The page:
The Associated Press

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By The Wall of Law May 5, 2020 Off

AP News in Brief at 12:04 a.m. EDT

Italy lets millions back to work, US restrictions easing up

ROME (AP) — Italy started stirring Monday, with millions allowed back to work as Europe’s longest coronavirus lockdown started easing, while the U.S. took halting steps to lift some restrictions even as tens of thousands of new cases were reported daily.

In Washington, the Senate convened for the first time since March. The Supreme Court heard arguments by telephone and allowed the world to listen in live — for the first time ever.

Dozens in Florida waited before sunrise for the 7 a.m. opening of Clearwater Beach. And a shuttered pork processing plant in South Dakota took its first steps toward reopening after more than 800 employees were infected with the coronavirus.

In Louisiana, state lawmakers were restarting their legislature — but feuded over whether they should return at all.

Political battles have become increasingly embedded in U.S. coronavirus policy. Republican Louisiana legislators irritated by Democratic Gov. John Bel Edwards’ decision to extend the state’s stay-at-home order through May 15 were eager to return to work.

___

Trump’s anti-China rhetoric aimed at boosting US leverage

WASHINGTON (AP) —

The Trump administration is making ever louder pronouncements casting blame on China for the COVID-19 pandemic, aiming to sidestep domestic criticism of the president’s own response, tarnish China’s global reputation and give the U.S. leverage on trade and other aspects of U.S.-China competition.

President Donald Trump has vowed to penalize China for what U.S. officials have increasingly described as a pattern of deceit that denied the world precious time to prepare for the pandemic. The opening salvo isn’t in the form of tariffs or sanctions, but in a one-sided accounting of China’s behaviour that could yank the Chinese lower on the global reputation meter.

The State Department, the Department of Homeland Security and the White House have all launched public efforts in recent days to lay bare what they say is clear evidence that China tried to mask the scale of the outbreak and then refused to provide critical access to U.S. and global scientists that could have saved lives. More than 250,000 people have died globally from COVID-19, including more than 68,000 in the U.S.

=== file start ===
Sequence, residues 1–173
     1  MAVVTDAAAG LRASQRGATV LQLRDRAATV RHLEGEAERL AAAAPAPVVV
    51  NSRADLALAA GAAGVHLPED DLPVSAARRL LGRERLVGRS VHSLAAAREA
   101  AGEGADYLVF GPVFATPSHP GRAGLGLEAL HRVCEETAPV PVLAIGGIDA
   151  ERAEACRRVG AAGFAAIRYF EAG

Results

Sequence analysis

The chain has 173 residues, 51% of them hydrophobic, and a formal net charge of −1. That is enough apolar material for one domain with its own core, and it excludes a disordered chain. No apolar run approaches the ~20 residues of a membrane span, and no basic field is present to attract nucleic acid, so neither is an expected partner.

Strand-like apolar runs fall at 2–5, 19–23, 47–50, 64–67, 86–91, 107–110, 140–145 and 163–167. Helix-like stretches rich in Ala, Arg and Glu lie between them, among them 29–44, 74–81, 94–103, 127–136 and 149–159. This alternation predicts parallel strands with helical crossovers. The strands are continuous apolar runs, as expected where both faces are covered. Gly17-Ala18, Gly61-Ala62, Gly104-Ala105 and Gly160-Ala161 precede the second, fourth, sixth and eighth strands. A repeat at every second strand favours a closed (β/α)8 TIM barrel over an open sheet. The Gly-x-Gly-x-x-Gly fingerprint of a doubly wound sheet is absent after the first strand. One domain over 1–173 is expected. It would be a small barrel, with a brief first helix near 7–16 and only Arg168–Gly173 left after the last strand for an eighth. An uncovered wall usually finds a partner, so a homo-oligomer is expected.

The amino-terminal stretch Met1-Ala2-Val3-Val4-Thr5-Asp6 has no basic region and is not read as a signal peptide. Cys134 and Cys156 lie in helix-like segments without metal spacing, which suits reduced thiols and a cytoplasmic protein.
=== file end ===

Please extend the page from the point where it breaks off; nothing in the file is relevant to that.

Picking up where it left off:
The Trump administration, a senior administration official says, is trying to convince the world that China isn’t playing by the same rules as everyone else, and that may be the biggest punishment for an intensely proud emerging superpower. The official was not authorized to publicly discuss the issue and spoke only on condition of anonymity.

___

Coronavirus cuts ‘deep scars’ through meatpacking cities

IOWA CITY, Iowa (AP) — As the coronavirus spread from the nation’s meatpacking plants to the broader communities where they are located, it burned through a modest duplex in Waterloo, Iowa.

In the downstairs unit lived Jim Orvis, 65, a beloved friend and uncle who worked in the laundry department at the Tyson Foods pork processing facility, the largest employer in Waterloo. Upstairs was Arthur Scott, a 51-year-old father who was getting his life back on track after a prison term for drugs. He worked 25 miles (40.23 kilometres) away at the Tyson dog treats factory in Independence, Iowa.

The two men were not well acquainted. But both fell ill and died last month within days of each other from COVID-19 — casualties of an outbreak linked to the Waterloo plant that spread across the city of 68,000 people. Similar spread is happening in other communities where the economy centres around raising hogs and cattle and processing their meat, including the hot spots of Grand Island, Nebraska, and Worthington, Minnesota.

The virus is “devastating everything,” said duplex owner Jose Garcia, who received notification two days apart from his deceased tenants’ relatives. “These two guys were here last week. Now they are gone. It’s crazy.”